PASADENA, Calif., March 22 (UPI) -- A new estimate of the number of possible alien Earths orbiting distant stars puts the figure at 2 billion in our Milky Way galaxy alone, U.S. researchers say.
A study analyzing date from NASA's Kepler space telescope found about one out of every 37, to one out of every 70, sun-like stars visible in the nighttime sky might harbor an alien Earth, SPACE.com reported Tuesday.
Scientists at NASA's Jet Propulsion Laboratory in Pasadena, Calif., analyzed months of data from Kepler and determined that 1.4 percent to 2.7 percent of all stars like our sun could be expected to have Earth-like planets -- worlds within the habitable zones of their stars where liquid water could exist on their surfaces.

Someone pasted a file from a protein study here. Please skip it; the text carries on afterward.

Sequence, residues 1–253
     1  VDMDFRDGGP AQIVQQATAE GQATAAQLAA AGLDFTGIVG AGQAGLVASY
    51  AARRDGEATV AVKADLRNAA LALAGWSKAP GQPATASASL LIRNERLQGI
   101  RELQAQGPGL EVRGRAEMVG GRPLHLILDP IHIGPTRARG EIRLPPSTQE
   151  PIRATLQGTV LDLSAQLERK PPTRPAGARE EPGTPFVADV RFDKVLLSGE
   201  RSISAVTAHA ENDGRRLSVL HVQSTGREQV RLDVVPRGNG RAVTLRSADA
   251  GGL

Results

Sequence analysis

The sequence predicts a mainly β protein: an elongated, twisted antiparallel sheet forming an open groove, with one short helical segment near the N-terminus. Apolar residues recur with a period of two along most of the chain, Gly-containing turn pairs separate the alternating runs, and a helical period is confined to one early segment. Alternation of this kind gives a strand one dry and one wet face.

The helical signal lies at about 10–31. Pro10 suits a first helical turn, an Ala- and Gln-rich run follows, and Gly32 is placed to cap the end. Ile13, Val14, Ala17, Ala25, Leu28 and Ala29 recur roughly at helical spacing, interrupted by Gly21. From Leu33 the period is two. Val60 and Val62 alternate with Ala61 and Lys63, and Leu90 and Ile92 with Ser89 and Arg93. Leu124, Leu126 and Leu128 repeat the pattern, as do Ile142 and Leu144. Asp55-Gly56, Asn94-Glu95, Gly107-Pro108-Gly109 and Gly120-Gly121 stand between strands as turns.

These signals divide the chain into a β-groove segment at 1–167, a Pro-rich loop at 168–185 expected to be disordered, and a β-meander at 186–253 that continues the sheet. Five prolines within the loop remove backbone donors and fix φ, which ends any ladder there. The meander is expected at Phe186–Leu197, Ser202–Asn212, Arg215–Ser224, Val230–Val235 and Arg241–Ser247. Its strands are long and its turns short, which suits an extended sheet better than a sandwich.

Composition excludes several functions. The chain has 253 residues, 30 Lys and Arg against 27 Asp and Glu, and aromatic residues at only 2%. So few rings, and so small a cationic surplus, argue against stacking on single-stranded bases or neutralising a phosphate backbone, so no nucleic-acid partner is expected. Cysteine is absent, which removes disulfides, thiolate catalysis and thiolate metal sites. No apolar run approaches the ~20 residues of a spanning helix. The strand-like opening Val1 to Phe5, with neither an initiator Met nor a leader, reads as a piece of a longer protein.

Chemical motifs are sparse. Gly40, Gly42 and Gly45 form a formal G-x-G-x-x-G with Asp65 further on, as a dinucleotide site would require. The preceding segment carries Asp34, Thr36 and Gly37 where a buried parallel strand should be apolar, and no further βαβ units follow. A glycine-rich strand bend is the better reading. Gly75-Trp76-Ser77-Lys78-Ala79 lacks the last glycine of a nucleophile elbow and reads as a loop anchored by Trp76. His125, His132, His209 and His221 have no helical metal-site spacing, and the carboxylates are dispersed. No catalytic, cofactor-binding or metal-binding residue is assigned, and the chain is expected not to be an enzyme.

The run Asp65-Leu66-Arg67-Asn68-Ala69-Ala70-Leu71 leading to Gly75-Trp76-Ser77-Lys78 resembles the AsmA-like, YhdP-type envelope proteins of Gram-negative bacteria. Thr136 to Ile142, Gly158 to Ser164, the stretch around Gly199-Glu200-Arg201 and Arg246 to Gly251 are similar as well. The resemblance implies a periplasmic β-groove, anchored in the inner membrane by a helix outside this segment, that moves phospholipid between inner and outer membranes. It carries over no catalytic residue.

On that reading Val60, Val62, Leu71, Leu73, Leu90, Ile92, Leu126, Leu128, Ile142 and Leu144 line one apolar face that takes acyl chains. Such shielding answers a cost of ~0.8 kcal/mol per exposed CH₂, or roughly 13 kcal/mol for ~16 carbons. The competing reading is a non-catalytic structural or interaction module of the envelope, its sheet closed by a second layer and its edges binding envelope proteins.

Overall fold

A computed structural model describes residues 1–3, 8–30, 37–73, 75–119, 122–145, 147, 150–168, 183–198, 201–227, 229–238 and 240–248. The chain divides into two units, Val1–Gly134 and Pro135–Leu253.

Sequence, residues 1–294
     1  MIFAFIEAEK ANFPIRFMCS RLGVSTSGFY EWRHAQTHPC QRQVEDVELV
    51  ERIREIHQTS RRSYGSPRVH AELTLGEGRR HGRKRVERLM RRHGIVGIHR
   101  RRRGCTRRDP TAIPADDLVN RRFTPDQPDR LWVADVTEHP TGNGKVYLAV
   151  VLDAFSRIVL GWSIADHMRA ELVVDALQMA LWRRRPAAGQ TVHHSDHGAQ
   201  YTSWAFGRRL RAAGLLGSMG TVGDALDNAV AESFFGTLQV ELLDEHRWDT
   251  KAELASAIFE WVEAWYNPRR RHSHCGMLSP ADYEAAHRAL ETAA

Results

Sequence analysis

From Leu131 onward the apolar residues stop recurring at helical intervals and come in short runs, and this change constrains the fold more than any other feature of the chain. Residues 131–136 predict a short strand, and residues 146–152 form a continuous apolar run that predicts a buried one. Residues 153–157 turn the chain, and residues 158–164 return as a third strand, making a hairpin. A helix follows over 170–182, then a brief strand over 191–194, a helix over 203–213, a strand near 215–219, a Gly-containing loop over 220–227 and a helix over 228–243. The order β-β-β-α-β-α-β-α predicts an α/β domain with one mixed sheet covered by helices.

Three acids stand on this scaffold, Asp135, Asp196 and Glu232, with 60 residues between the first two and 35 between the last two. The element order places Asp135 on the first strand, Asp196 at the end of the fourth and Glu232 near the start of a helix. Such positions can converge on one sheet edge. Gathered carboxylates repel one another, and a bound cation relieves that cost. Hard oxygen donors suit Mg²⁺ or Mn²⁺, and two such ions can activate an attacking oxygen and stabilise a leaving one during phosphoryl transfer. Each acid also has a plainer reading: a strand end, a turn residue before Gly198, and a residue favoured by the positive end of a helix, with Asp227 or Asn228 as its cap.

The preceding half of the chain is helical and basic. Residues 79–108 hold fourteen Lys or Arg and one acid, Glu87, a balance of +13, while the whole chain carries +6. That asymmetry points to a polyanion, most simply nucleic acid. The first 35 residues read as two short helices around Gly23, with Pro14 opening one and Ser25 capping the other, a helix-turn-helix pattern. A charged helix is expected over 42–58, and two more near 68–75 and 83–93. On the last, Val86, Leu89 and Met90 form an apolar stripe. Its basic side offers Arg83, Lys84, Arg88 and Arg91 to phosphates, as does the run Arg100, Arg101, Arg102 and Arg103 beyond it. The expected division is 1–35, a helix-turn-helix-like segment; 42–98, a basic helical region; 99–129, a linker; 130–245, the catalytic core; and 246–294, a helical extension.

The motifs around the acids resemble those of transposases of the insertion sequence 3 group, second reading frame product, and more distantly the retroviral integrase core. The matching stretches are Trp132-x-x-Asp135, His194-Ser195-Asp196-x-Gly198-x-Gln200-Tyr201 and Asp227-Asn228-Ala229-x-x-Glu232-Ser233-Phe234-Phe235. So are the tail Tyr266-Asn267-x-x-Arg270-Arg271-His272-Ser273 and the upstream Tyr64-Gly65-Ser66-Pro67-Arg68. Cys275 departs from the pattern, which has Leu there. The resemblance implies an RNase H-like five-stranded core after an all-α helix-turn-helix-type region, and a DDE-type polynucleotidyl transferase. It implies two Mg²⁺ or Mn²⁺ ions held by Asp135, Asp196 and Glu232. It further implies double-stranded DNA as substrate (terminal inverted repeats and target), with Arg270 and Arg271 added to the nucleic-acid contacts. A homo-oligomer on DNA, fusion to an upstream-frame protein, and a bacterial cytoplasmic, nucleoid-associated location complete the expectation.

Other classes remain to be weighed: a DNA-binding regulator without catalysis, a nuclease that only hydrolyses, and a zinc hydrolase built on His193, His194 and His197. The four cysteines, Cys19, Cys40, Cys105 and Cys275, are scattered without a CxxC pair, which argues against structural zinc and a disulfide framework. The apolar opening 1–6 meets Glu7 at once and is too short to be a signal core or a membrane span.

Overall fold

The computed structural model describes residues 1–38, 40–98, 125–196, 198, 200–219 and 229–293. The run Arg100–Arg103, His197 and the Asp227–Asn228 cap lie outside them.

"This means there are a lot of Earth analogs out there -- 2 billion in the Milky Way galaxy," JPL researcher Joseph Catanzarite said. "With that large a number, there's a good chance life and maybe even intelligent life might exist on some of those planets. And that's just our galaxy alone -- there are 50 billion other galaxies."